The first major ski piste that we came to was the southern-most piste (of a series) that flowed down the mountain-side from the top of the Teleski de la Serra, past the Point de Vue du Lac (1320m). Due possibly to the small amount of snow on the piste, it wasn't in operation today, so we had an easy, casual passage to the other side. At this point we decided to not follow the usual walk trail - which dropped down the side of the hill to follow another traverse at about 1275 metres - and instead stuck to the forest trail that we were on (the Rte Foret des Auvernes), a couple of hundred metres higher-up the slope.
The Telesiege des Auvernes was in use, and we stopped to watch skiers and snowboarders come racing down the mountain on the main piste just a little further north along the trail - the most northern piste of the series. When the coast was clear, we quickly made our way across the piste, without managing to get in anyone's way in the process.
About a hundred metres further along the road we encountered the walking trail again - coming back up the mountainside - so we turned east onto that and started cutting footsteps into the snow up the steep slope. Fortunately someone had been up here fairly recently wearing snowshoes, so the trail was reasonably well compacted, meaning we didn't break through the surface too often and sink into the softer snow below.
We were now heading into some rough-and-tumble country - the infamous "Foret du Massacre" - which is a dark coniferous forest (almost entirely composed of fir trees) which had been the scene of a brutal massacre of Italian soldiers in 1535. Apparently, a contingent of 600 Italian mercenaries - commanded by Renzo de Cery and dispatched by Francis 1 at the request of the King of France - had met grisly deaths there after a failed mission to reach (and rescue) Geneva which was under siege by the Savoyard army led by the Duke of Savoy, Charles III. In a rapidly unfolding tragedy, the mercenaries were "headed off at the pass" - quite literally - at the Col de la Faucille within view of Geneva after marching up from Genoa, and chased into the wild Jura forests by the Savoyards. Once reduced to a fleeing, disorganized rabble by the rough-and-tumble Jura rocks, ridges, cliffs, grottes, caves, fallen trees, and more, they were steadily picked-off by their more locally-experienced adversaries. Apparently before the slaughter, the forest had been called Foret Frasse (or simply "la Frasse"), but the locals who witnessed the carnage later decided to rename it - the Foret du Massacre.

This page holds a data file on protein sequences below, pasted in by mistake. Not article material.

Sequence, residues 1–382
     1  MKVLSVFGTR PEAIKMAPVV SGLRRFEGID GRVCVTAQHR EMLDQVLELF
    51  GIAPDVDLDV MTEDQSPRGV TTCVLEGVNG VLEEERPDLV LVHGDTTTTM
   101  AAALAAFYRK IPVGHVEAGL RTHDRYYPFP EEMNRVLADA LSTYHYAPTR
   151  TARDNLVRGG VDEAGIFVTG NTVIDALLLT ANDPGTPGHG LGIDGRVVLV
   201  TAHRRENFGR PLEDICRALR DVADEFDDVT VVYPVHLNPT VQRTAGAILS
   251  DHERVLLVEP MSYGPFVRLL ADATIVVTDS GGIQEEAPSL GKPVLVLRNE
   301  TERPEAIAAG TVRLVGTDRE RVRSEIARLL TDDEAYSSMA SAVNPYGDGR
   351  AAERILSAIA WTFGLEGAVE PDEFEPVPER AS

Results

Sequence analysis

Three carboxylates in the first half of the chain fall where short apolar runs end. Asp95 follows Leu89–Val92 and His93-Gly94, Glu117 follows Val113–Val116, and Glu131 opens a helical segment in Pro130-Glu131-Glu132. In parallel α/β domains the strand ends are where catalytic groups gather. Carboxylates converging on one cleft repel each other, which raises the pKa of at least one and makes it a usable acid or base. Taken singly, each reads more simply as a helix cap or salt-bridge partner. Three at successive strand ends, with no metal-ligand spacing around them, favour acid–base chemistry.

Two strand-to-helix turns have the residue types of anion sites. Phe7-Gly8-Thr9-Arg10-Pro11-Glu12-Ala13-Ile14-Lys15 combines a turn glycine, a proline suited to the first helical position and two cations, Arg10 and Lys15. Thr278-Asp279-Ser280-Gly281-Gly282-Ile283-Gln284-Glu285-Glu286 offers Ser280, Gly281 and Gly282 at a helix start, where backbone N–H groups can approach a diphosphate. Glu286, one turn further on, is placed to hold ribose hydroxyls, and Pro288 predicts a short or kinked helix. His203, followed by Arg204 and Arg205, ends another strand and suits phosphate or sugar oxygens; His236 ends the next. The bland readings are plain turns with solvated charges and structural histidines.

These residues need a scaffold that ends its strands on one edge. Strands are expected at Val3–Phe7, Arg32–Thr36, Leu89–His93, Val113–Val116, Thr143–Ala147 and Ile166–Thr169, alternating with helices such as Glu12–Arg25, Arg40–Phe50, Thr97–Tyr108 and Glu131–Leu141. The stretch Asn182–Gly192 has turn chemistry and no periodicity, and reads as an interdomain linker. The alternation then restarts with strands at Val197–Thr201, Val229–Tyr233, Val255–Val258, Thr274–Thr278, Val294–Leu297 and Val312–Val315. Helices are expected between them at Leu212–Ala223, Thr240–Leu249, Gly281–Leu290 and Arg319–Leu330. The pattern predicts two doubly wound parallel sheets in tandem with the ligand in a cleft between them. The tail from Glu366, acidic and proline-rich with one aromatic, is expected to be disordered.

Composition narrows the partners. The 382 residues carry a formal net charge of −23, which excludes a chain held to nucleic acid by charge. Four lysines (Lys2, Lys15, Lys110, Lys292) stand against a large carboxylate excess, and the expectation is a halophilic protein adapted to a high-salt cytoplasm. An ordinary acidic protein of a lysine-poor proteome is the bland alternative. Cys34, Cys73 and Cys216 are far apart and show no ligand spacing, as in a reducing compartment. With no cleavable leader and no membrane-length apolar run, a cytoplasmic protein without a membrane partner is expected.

Unfortunately, we too fell victim to the rocks, ridges and rolling landscape, and, soon after having to leave the footsteps of the snow-shoers (they had turned north, soon after they'd passed a point marked "Grotte" on the map), we were forced to cut our own trail across the hilltop. Although obviously still on some kind of trail, we couldn't tell exactly if we were still on the walk-trail or not, as we were focusing our attention on the ground below us - sinking up to our knees in the deep snow with every step at the top of the ridge. It was hard-going, and physically draining. Damn, why hadn't we brought our snow-shoes?
With the wind now howling around us, and clouds completely blocking-out any distant views, we reached the top of the ridge, where we plunged into the deepest snow we'd encountered thus far and bush-bashed our way to what looked like the highest point. Although we were quite sure that we were very close to the top of Crêt Pela (it was no doubt nearby, but hidden behind the trees and thicket), we couldn't find the summit-marker wooden post and small "Crêt Pela - 1495m" sign that should have been there. My altimeter was showing we were up at the right altitude. No matter, we were close enough for our liking! So we took a "top of the mountain" celebratory photo anyway, and then made a mad dash to get out of the freezing, wind-blasted conditions. It was about 1pm, yet felt like it was nearly the end of the day.